Pub Date: Aug. 26, 1946

ISBN: 0452277507

Page Count: 114

Publisher: Harcourt, Brace

Review Posted Online: Nov. 2, 2011

Kirkus Reviews Issue: Aug. 1, 1946

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This is good Hemingway. It has some of the tenderness of A Farewell to Arms and some of its amazing power to make one feel inside the picture of a nation at war, of the people experiencing war shorn of its glamor, of the emotions that the effects of war — rather than war itself — arouse. But in style and tempo and impact, there is greater resemblance to The Sun Also Rises. Implicit in the characters and the story is the whole tragic lesson of Spain's Civil War, proving ground for today's holocaust, and carrying in its small compass, the contradictions, the human frailties, the heroism and idealism and shortcomings. In retrospect the thread of the story itself is slight. Three days, during which time a young American, a professor who has taken his Sabbatical year from the University of Montana to play his part in the struggle for Loyalist Spain and democracy. He is sent to a guerilla camp of partisans within the Fascist lines to blow up a strategic bridge. His is a complex problem in humanity, a group of undisciplined, unorganized natives, emotionally geared to go their own way, while he has a job that demands unreasoning, unwavering obedience. He falls in love with a lovely refugee girl, escaping the terrors of a fascist imprisonment, and their romance is sharply etched against a gruesome background. It is a searing book; Hemingway has done more to dramatize the Spanish War than any amount of abstract declamation. Yet he has done it through revealing the pettinesses, the indignities, the jealousies, the cruelties on both sides, never glorifying simply presenting starkly the belief in the principles for which these people fought a hopeless war, to give the rest of the world an interval to prepare. There is something of the implacable logic of Verdun in the telling. It's not a book for the thin-skinned; it has more than its fill of obscenities and the style is clipped and almost too elliptical for clarity at times. But it is a book that repays one for bleak moments of unpleasantness.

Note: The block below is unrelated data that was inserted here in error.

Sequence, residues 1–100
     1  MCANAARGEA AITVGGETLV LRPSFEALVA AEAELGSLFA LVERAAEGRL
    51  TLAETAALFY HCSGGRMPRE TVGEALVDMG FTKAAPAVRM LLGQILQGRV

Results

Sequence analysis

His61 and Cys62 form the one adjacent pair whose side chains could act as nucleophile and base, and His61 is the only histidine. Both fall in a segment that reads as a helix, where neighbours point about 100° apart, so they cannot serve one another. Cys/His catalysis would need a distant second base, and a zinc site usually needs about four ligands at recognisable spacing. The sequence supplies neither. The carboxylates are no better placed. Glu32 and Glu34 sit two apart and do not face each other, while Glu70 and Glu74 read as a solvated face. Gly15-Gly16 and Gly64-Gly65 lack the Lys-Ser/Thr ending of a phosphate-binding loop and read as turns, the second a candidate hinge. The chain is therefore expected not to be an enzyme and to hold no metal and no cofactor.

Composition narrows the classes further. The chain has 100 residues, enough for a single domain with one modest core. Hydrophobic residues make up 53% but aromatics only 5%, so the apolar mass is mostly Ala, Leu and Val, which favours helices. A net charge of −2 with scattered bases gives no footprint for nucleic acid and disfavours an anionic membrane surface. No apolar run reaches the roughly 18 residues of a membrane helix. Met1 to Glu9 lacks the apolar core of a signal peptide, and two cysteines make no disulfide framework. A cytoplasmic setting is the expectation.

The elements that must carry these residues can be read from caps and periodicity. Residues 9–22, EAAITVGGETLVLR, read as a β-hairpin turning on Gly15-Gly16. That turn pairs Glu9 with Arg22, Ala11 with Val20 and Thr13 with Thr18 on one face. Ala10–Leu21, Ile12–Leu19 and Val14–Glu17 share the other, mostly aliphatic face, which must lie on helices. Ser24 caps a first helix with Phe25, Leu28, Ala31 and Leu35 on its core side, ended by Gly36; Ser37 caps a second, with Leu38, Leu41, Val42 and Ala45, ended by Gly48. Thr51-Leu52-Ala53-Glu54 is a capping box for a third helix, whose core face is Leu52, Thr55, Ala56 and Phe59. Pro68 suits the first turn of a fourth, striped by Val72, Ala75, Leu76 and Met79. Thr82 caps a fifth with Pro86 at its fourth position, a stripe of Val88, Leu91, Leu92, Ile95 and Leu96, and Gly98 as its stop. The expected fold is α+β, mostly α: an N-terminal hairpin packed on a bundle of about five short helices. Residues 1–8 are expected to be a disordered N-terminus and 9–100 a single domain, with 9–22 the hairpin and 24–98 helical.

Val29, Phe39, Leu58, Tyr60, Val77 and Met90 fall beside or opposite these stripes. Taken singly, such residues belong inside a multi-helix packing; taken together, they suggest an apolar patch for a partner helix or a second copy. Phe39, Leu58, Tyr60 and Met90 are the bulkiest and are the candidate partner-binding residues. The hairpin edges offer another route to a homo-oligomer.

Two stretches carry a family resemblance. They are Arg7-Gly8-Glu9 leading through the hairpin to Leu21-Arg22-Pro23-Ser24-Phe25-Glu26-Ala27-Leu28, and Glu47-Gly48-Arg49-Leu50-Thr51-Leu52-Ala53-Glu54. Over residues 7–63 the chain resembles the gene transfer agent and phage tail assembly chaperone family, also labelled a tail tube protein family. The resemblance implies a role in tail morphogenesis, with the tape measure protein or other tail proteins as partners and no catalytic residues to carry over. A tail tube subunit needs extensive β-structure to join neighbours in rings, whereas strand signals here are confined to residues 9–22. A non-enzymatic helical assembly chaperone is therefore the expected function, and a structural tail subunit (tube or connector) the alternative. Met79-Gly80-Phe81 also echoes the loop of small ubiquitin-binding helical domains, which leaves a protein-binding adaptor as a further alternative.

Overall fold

Pub Date: Oct. 21, 1940

ISBN: 0684803356

Page Count: 484

Publisher: Scribner

Review Posted Online: Oct. 7, 2011

Kirkus Reviews Issue: Oct. 1, 1940